Jackalope

Contrasting with its vineyard setting, a boutique hotel in Australia by Carr Design Group delivers a magical, sensory experience. Photography by Sharyn Cairns

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A mythical North American creature is not what one would associate with the quiet rural town of Merricks North on Australia’s Mornington Peninsula. However, the jackalope, a giant horned jackrabbit, is the leitmotif of an ambitious new luxury hotel rich in dreamy, sensory details.

The creation of 29-year-old developer Louis Li, a native of China, Jackalope is an elegant, fanciful 46-room boutique hotel set within a 27-acre working vineyard. Li moved to Melbourne in 2006 to study filmmaking, and Jackalope brings together his interests in storytelling, art, food, and design. While it is seemingly odd to carry out a high-concept hotel in a rural area, Li was steadfast. “Design-wise, the bold, surreal, and contemporary form of Jackalope is not something you would expect to see in a rural setting,” Li says. “That ties in with our desire to present a luxury offering in a form you might not expect or have experienced before.”

A number of designers based in Melbourne, about an hour’s drive from Merricks North, contributed to Jackalope. Carr Design Group oversaw the architecture and interiors. Fabio Ongarato Design was responsible for brand identity and the concept design of select installations. Zuster crafted many of the signature furnishings. “Li was unwavering in his vision of what he wanted to create—a transformative experience of wonder and whimsy driven by art,” says Chris McCue, Carr’s director of architecture.

A choreographed experience
The jackalope narrative begins upon arrival. A long driveway leads to a small rise, where a striking 25-foot-tall black jackalope sculpted by local artist Emily Floyd stands. Two ebony pyramids define the lobby entrance with oversize white letters spelling out the hotel’s name.

The bold two-story structure is clad in dark metal with charred timber detailing and a striking saw-cut roof—a reference to the historical form of the adjacent agricultural buildings. “We wanted to create something sophisticated and elegant, a simple black box that would act as a backdrop or stage to some very dramatic moments,” says McCue. Guests enter the hotel through a single-story pavilion.

A dramatically lit black glass box in the center displays local wine. “We agreed that there should be one design element [that is the focus] in every space,” says McCue.

The adjoining lounge and bar, Flaggerdoot, is housed in an Edwardian cottage dating to 1876 that serves as the architectural centerpiece of the hotel complex. Although the interior is now highly contemporary, the designers were sensitive to the memory of its past. “Retention of the historic cottage was essential to the layout,” says McCue. “It is an anchor for the design.”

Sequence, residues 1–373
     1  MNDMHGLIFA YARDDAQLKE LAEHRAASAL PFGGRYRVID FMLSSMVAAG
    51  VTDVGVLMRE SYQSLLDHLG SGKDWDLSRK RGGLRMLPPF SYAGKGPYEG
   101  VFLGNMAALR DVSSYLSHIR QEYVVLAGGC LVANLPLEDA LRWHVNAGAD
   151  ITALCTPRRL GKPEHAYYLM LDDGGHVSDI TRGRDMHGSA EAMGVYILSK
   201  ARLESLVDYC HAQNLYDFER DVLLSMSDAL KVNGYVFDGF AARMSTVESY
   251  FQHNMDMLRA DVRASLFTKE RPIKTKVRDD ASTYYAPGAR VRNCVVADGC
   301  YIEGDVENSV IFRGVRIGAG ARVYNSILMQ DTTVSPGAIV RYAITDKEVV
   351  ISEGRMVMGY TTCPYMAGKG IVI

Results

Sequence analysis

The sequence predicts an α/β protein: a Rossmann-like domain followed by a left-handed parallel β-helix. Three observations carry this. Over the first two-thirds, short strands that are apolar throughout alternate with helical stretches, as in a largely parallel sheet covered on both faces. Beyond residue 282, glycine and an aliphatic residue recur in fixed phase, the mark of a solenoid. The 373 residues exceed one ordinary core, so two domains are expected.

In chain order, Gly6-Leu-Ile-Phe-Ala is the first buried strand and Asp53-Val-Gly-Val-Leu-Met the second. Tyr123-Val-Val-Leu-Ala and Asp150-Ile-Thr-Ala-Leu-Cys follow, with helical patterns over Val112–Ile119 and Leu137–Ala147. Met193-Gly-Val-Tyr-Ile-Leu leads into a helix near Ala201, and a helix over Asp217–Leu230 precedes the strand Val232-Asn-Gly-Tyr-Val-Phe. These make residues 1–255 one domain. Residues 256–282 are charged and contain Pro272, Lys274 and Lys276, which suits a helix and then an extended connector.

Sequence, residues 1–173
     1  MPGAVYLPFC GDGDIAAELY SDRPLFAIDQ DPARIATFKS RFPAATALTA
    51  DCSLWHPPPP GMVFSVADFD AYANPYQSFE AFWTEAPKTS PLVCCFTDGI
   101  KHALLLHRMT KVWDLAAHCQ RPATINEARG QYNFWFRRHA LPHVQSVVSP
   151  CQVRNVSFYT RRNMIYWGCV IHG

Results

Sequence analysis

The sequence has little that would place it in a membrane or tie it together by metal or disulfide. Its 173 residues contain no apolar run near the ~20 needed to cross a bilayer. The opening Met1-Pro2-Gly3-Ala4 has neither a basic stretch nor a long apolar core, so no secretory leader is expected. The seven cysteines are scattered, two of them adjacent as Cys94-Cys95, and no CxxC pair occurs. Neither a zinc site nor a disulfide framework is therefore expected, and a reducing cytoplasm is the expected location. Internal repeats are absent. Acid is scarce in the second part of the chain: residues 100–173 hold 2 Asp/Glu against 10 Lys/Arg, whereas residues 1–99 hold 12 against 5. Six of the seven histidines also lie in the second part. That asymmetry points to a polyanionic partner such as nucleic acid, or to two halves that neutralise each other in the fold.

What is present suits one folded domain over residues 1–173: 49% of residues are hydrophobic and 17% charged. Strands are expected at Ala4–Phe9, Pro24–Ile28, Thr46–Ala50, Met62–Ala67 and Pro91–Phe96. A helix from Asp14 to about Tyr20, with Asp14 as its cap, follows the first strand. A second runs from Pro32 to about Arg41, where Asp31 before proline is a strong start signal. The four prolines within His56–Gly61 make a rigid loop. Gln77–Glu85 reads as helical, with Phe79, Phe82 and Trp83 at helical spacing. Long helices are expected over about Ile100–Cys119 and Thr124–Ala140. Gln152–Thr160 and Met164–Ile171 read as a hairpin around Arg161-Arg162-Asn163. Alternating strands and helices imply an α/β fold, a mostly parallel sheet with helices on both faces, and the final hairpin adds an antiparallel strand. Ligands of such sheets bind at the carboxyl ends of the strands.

The theme of the science of winemaking riffs throughout the hotel. “The interior of the hotel bar reflects experimentation and flamboyance,” says McCue. Test-tube-like glass vessels line the Flaggerdoot walls, and a marble clad bar resembles an alchemist’s workbench. Signature pieces, such as gold Edra Leather Works armchairs by Brazilian brothers Fernando and Humberto Campana and an electric-blue billiard table, add to the sense of theater.

A more intimate and pared-back fine-dining restaurant, Doot Doot Doot, is crowned by an elaborate ceiling. With approximately 10,000 light bulbs, the installation by Jan Flook mimics bubbling during fermentation. A second restaurant named Rare Hare, designed by Projects of Imagination, is focused on the vineyard and the site’s winemaking heritage with an immersive wine and culinary experience.

In the hotel, a continuous steel stair leads to the upper guestroom level. Corridors are discretely lit with astrological constellations, evoking a dark and moody atmosphere akin to a subterranean passage. Here, the designers chose tonal elements of gold, silver, copper, and bronze. Rooms vary from 410 to 915 square feet, and all contain floor-to-ceiling windows and private terraces to connect guests to the surrounding nature. Deep black-resin bathtubs add to the luxurious feeling, with integrated joinery and feature lighting.

Instagrammable vignettes
Outside, a 100-foot infinity pool has views of the vineyard, and timber decking and black lounge beds allow guests to linger. A sculptural poolside pavilion for private functions—the Geode—is at one end, with defined sharp edges and silver detailing to serve as a strong juxtaposition to the rolling landscape. “The idea for the Geode was driven by Instagram,” says McCue. “Li was interested in how people consume experiences rather than products, and how we now see everything through the lens of a camera.” The number of hashtags for the hotel and the thousands of images posted are testaments to this belief.

With an increasingly competitive market, maintaining a sense of magic is paramount. Li’s future plans are ambitious: Another hotel is being developed in Melbourne, to be followed by one in Shanghai.

SOURCES
who Architect and interior designer: Carr Design Group. Project team: Chris McCue; Dan Cox. Lighting: Dabio Ongarato; Jan Flook. Landscape: Taylor Cullity Lethlean. Artworks: Emily Floyd; Andrew Hazewinkel. Collaborators: Hunter Lab; Zuster. what Fluorescent/industrial lighting: Fabio Ongarato. Decorative lighting: Jan Flook. Upholstery: Zuster. Tables: Zuster. Collaborative Amenity Products.

 

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